By Bryan Caplan
Here’s how the United Nations officially defines “human trafficking”:
(a) “Trafficking in persons” shall mean the recruitment, transportation, transfer, harbouring or receipt of persons, by means of the threat or use of force or other forms of coercion, of abduction, of fraud, of deception, of the abuse of power or of a position of vulnerability or of the giving or receiving of payments or benefits to achieve the consent of a person having control over another person, for the purpose of exploitation. Exploitation shall include, at a minimum, the exploitation of the prostitution of others or other forms of sexual exploitation, forced labour or services, slavery or practices similar to slavery, servitude or the removal of organs;
(b) The consent of a victim of trafficking in persons to the intended exploitation set forth in subparagraph (a) of this article shall be irrelevant where any of the means set forth in subparagraph (a) have been used;
(c) The recruitment, transportation, transfer, harbouring or receipt of a child for the purpose of exploitation shall be considered “trafficking in persons” even if this does not involve any of the means set forth in subparagraph (a) of this article;
(d) “Child” shall mean any person under eighteen years of age.
Part (a) isn’t awful, though “the abuse of power or of a position or vulnerability” could mean almost anything. Does charging a full year’s wages to help a poor farmer cross the border constitute “abuse of power or of position of vulnerability”? Most people would probably say yes – especially if the farmer desperate needs a smuggler’s help to flee famine or war.
It is part (b), however, that renders the whole definition a mockery of justice. Consent is “irrelevant”?! This is bizarre enough for sex work; whatever you think about prostitution, isn’t it far less evil than rape? The glaring question, though, is: If you accuse someone of imposing “forced labor or services” or “slavery,” how can consent not be a defense? How?!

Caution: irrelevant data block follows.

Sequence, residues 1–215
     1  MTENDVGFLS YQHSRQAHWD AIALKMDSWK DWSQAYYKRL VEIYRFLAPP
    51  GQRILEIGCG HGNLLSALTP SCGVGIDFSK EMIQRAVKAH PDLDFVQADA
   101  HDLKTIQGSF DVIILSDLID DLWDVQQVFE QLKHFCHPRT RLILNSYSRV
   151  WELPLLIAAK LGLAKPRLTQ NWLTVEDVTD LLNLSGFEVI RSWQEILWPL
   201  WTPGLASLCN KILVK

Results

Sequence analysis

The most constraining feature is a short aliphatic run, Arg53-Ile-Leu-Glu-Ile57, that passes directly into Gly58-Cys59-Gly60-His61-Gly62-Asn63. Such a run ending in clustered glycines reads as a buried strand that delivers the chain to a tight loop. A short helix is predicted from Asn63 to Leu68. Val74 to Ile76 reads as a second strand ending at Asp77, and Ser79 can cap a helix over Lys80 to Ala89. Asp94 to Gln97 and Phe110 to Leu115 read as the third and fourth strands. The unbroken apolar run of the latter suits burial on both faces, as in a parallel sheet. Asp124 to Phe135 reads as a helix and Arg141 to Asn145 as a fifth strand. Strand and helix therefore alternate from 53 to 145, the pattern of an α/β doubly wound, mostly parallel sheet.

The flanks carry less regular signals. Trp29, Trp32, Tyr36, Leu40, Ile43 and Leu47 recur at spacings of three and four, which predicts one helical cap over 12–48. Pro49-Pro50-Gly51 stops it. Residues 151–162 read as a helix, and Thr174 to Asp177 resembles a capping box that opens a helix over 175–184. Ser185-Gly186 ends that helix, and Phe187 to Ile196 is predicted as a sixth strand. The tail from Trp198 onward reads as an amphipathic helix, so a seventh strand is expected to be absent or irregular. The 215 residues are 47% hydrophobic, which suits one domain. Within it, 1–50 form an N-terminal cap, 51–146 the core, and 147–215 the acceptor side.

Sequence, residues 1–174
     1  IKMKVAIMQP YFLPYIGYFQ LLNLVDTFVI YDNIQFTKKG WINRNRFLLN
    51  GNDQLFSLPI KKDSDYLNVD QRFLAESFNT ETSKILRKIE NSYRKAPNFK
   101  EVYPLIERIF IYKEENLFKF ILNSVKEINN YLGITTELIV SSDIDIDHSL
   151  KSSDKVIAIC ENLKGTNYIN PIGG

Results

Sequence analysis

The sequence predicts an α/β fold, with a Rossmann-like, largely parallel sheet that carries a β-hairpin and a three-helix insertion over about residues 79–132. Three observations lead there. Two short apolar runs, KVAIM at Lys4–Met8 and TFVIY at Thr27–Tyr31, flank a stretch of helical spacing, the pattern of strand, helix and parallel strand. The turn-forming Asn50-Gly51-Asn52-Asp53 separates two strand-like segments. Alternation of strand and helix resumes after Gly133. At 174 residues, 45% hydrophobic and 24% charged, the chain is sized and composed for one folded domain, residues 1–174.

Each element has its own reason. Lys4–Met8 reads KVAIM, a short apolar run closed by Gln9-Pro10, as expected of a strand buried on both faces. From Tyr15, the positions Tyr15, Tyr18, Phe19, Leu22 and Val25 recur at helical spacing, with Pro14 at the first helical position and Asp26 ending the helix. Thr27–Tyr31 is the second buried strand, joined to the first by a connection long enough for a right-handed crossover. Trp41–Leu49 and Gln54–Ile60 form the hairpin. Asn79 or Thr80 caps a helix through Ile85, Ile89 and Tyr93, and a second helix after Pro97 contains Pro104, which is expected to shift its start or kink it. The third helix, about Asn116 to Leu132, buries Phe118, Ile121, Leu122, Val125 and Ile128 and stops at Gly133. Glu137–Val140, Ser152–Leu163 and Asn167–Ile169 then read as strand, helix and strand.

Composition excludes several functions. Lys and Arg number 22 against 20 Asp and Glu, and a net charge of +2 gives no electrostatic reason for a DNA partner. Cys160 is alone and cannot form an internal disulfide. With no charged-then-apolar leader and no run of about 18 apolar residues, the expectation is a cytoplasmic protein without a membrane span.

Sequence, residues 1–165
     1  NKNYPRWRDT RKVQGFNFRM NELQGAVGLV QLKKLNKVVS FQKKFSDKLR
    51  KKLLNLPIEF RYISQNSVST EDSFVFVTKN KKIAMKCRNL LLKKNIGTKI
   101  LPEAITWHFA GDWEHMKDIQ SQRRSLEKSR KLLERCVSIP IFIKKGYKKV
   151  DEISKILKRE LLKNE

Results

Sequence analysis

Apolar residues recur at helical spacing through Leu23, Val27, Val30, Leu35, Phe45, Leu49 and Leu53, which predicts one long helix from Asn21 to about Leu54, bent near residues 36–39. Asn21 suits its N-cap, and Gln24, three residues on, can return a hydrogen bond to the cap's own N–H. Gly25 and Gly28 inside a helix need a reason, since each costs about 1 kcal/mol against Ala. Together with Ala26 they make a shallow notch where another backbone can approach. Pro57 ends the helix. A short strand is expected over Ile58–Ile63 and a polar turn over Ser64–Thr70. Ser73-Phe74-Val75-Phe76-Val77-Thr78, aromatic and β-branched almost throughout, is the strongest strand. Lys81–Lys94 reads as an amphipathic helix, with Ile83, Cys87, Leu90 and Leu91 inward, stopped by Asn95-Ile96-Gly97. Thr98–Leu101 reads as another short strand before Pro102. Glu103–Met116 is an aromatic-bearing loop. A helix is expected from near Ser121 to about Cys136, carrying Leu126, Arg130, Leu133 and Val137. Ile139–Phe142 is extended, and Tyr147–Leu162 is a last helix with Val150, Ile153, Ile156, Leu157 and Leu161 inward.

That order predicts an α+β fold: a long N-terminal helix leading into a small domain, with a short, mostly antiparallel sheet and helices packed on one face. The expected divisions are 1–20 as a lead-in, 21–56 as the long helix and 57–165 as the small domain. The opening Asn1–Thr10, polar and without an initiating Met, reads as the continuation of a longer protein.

Parts (c) and (d) go further by pretending that even the most scrupulous smuggler – a smuggler dutifully acting with full parental approval – automatically “exploits” any children he serves. If it wouldn’t be child abuse for your parents to help you cross the border, how is it child abuse for your parents to hire someone to do so on their behalf?
Basic economics reminds us that the creation of victimless “crimes” fosters actual crime. After all, once the law labels peaceful behavior “criminal,” even a peaceful participant in such “crimes” will fear to alert the authorities if they happen to be the victim of fraud, violence, or slavery.
Still, this hardly means that blacks markets typically yield bad results. Black markets endure because they’re a lot better than doing without. Indeed, shrewd black marketeers often make great efforts to build reputations for good customer service. The U.N. willfully ignores these truisms.
What’s behind all this? My best story: The U.N.’s Orwellian abuse of language is a rhetorically effective way to advance the anti-immigration agenda to which, regardless of their public postures, almost all governments subscribe. Rather than directly blame desperate migrants, the U.N. strategically demonizes the businesses that serve their needs. If international elites really cared about migrant abuse, they’d push for legalization so immigrants could freely report abusive treatment – not legal trickery to equate consensual trade with “abuse.”
Update: Two friends with a lot of legal training tell me I’m misreading the U.N.’s definition. Most importantly, they say that consent to exploitation is only irrelevant if the original transportation was non-consensual or otherwise tainted. That’s definitely what I would argue if I were the lawyer for an accused trafficker. But the type of scenario my friends envision still seems rather fanciful to me. Something like: X forcibly abducts you, then consensually hires you. Then when he’s arrested, he claims no wrong-doing on the grounds that you voluntarily worked for him after you arrived. Can that really be the legal tactic that (b) is trying to prevent?